Much has been written by union members, teachers, parents, and school board representatives on the Glaze Report, yet little has been said about the removal of diversity and marginalized voices from local decision making.
A rigid timeline is being adhered to by our government to pass legislation needed to dissolve elected English school boards in Nova Scotia. Unfortunately, no consultation with those most impacted nor any public participation in that decision took place. A hasty verdict suggests evidence and critical perspectives may not have been fully considered in this decision-making process.
In October 2016, thousands of Nova Scotians went to the polls to express their right to elect school board members. Since then, citizens have called upon those elected representatives to assist them with school boundary concerns, busing, school closures, racism, bullying, and access for youth to mental health services in public schools.
Fast forward 17 months, and we now see the provincial government taking immediate action by following Glaze Report recommendations to dissolve English school boards. To make that a reality, the government will need to delete mention of school boards from the Nova Scotia Municipal Elections Act and the Education Act. The government’s approach to remove elected members and replace them with already busy and overworked volunteers neglects to address the unintended consequences of stripping elected officials of their fiduciary duties, including the significant challenges this will present for women entering politics, especially from rural and marginalized communities.
The long, sordid history of racism and sexism in Nova Scotia continues to simmer with this oppressive decision. Women and African Nova Scotians will no longer have a seat at the local decision-making table. The 2017 United Nations report on the African Canadian experience slammed the provincial government’s treatment of African Nova Scotians citing “educational inequities” and “deplorable” socioeconomic conditions. In addition to the evidence we already have, the Commission on Effective Electoral Representation of Acadian and African Nova Scotians just published its report outlining the importance of local representation in addressing the needs of African Nova Scotians:
“Education is the key to advancement in society, so there is a strong desire to make schools more pertinent to young African Nova Scotians,” states the recent provincial report, Toward More Effective Representation For Acadian and African Nova Scotians. It continues, “a special measure on school boards to provide African Nova Scotian perspective is consistent with common practice and long-standing in the field of education.”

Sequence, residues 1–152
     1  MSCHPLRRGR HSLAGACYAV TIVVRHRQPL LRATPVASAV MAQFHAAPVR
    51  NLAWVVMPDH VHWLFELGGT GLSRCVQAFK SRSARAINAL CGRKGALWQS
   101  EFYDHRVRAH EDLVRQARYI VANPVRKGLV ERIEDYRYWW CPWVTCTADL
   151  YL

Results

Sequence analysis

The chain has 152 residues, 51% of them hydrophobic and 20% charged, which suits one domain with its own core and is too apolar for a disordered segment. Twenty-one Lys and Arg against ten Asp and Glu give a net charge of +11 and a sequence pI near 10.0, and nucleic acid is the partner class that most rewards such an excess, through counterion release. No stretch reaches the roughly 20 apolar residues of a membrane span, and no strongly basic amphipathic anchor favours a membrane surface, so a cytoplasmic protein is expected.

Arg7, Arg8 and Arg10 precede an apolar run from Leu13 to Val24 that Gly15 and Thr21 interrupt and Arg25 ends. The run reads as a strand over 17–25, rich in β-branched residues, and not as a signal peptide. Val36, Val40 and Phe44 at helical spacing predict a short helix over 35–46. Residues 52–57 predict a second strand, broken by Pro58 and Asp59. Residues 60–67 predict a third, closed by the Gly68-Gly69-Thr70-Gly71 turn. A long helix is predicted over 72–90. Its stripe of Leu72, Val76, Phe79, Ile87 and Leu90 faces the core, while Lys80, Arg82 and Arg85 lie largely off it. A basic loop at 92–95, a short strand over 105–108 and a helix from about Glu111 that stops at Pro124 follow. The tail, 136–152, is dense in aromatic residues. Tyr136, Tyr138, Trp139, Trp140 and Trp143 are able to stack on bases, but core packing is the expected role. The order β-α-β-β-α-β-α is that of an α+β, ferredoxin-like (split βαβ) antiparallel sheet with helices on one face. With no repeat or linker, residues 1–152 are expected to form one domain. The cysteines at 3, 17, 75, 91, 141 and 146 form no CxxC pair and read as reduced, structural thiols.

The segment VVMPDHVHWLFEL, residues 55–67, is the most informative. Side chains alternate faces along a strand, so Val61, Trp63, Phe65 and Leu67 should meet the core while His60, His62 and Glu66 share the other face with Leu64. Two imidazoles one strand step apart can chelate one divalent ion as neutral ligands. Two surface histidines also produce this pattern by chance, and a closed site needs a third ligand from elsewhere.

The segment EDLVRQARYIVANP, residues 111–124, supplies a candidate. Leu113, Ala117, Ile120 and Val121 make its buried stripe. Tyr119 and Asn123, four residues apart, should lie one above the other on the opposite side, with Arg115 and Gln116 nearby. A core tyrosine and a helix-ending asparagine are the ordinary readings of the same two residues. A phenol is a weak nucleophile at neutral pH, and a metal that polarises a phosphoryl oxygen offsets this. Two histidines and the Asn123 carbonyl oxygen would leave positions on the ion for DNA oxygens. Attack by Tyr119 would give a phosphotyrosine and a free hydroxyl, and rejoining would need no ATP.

For women in rural Nova Scotia the move to end elected school boards is repressive and lacks consideration of the reality in small coastal and rural communities. Removing local decision making from elected representatives and handing it to volunteers in communities with high rates of outmigration, aging populations, and commuters with little time to volunteer, is not a sign of a progressive society that values and involves marginalized voices.
It’s challenging enough for women to run for politics, hindered by sexist stereotypes and high rates of violence against women. The obliteration of an entire level of electoral representation currently dominated by women, without consultation with those women, demonstrates the government no longer wants their voices included in discussions about them, with them.
On the eve of the 100th anniversary of some women’s right to vote in Nova Scotia, the removal of 57 women from a local, non-partisan level of government where women are above parity at 55%, cuts deep to the core of women’s struggle for equality. As witnessed by the powerful “Me Too” movement, the systemic and systematic sexism, misogyny, and harassment faced by women in this province does not go unchallenged, but it appears to be unnoticed by this government.
There is little doubt that change is needed in the education system, but we should all be concerned about losing 57 women from their democratically elected positions. Perhaps a little shift in perspective by decision makers could transform the current anxiety-ridden climate into a more inclusive, collaborative relationship where diverse voices are welcomed and encouraged to participate in the problem-solving process.
Pamela Lovelace volunteers with Equal Voice Nova Scotia, a bilingual national multi-partisan organization dedicated to electing more women to government. She works at the School of Social Work at Dalhousie University and graduates this spring with her Master’s degree in Education from Mount Saint Vincent University.
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